If the bluefin tuna becomes extinct, which is a definite possibility at this rate, the world has much more to lose than just one fish species. Tuna are large predatory fish, eating a lot of smaller fish within the food chain. When a species dies off, there becomes an imbalance in that food chain, a process known as trophic collapse. If bluefin tuna disappear, then numbers of their predators and prey will be offset, and eventually all of the fish that we commonly associate with the ocean would be gone except for nonvertebraic species, such as squid, octopus, and urchins. This is even more terrifying when we realize that 5 out of 7 tuna species are under pressure or endangered. In the film we focus on bluefin tuna, but the tuna is a symbol that represents the decline of many species of fish.
How do you convince the public that this is a species worth saving?
Tuna and other fish are really disappearing, and to me the idea of trophic collapse was terrifying. In the Mediterranean, where tuna have been caught for centuries, there are continually decreasing numbers, and within a few years it is estimated that these fish will be commercially extinct. As a result, there has been piracy and illegal fishing, which has become so violent that it mirrors drug trading and smuggling. The value of tuna has become so high that they will fish it to the point of extinction. This is a very scary reality.
The public needs to build awareness and understand that the bluefin tuna and other species are truly irreplaceable. Many people have no idea where the fish on their plates are coming from. I have asked chefs in Austin, a small landlocked city, about the origin of the fish they are serving and many have no idea. However, on the West Coast there is now a strong movement for sustainability. The Tataki sushi restaurant was the first sustainably sourced sushi restaurant in the San Francisco Bay area, and now the owner is opening his fourth location. If people are informed and given choices, many will choose to eat sustainably.
What are the greatest obstacles in protecting global fish populations?
One of the greatest obstacles is that every country has a different interest in the fish industry. Some countries are less dependent on fishing and do not want to get involved in regulation. Others depend on fishing for a large portion of their GDP, and thus do not want to see strict regulations imposed on their ability to fish. There is a great deal of lobbying done on all sides, and the concept of boundaries within international waters complicates the ability to enforce regulation. Therefore even when large meetings occur such as the World Trade Organization conference held in Doha, Qatar, very little progress is made.
What do you see as potential solutions for sustaining both fish populations and the ability to meet global demand for sushi?
We focus on four potential solutions within the film. Our first solution is technology. It is unrealistic to believe that the global demand for sushi will disappear overnight, so there needs to be a way of maintaining a fish supply without doing further damage to natural ecosystems. In Australia, they are raising fish in captivity in million-liter tanks of water where they can control the lights, temperature, and access to food within the water. These scientists are learning to cue fish into believing that they are migrating and they are thus reproducing. While this does not solve the issue, it at least takes some pressure off of wild-caught fish.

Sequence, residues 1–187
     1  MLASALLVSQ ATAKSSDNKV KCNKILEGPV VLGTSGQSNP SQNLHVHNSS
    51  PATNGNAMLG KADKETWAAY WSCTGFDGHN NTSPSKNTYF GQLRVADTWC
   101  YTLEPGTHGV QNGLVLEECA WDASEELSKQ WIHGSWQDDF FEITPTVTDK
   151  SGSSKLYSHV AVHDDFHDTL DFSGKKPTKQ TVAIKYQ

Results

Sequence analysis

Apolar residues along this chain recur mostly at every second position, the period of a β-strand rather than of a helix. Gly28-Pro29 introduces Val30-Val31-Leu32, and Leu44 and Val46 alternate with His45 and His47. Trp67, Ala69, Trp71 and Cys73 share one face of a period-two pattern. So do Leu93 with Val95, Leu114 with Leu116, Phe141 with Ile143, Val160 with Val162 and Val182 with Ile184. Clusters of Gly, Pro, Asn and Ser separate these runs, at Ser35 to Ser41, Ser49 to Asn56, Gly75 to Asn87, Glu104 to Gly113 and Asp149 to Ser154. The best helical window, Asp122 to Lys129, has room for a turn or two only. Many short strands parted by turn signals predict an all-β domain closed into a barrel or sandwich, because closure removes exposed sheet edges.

Secondly, there is governmental regulation, though as we demonstrate in the film this fight has, so far, failed dramatically. While some governments have strived to add the bluefin tuna to the endangered species list, they still cannot bar other nations from hunting them due to the somewhat ineffectual laws regulating fishing in international waters.
We have seen more progress from direct action, our third proposed solution, from organizations such as Greenpeace and the World Wildlife Fund. These organizations strive to bring these issues to the forefront and educate the general public, and have great potential to make change. The Monterey Bay Aquarium, for example, has a program called Seafood Watch, which raises public awareness about how to eat seafood sustainably.
Overall, I feel that the fourth solution we identify in the film, consumer buying power, is the fastest way to create positive change and has the most direct influence on fish populations. Every individual can make the personal choice to not eat fish that are endangered or caught in a detrimental manner. Making choices like these are good for us, good for fish, and good for the future of sushi.
So far, “Sushi: The Global Catch” has been featured in 27 festivals around the world, and received awards at the Seattle International Film Festival, the Hawai’i International Film Festival, and the San Francisco Green Film Festival. To read more about the film and learn about upcoming events, visit www.facebook.com/sushitheglobalcatch.
Victoria Russo is a former research intern with the Worldwatch Institute’s Food and Agriculture Program.